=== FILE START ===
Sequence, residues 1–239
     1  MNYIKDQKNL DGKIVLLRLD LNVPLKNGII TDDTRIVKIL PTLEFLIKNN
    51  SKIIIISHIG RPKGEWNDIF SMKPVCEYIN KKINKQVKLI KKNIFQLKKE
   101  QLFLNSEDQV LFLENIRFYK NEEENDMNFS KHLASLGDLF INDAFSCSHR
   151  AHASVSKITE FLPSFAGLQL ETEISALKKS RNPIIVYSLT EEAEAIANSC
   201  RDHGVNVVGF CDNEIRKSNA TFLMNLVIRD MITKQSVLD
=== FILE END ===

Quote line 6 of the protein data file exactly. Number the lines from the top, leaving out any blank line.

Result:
   201  RDHGVNVVGF CDNEIRKSNA TFLMNLVIRD MITKQSVLD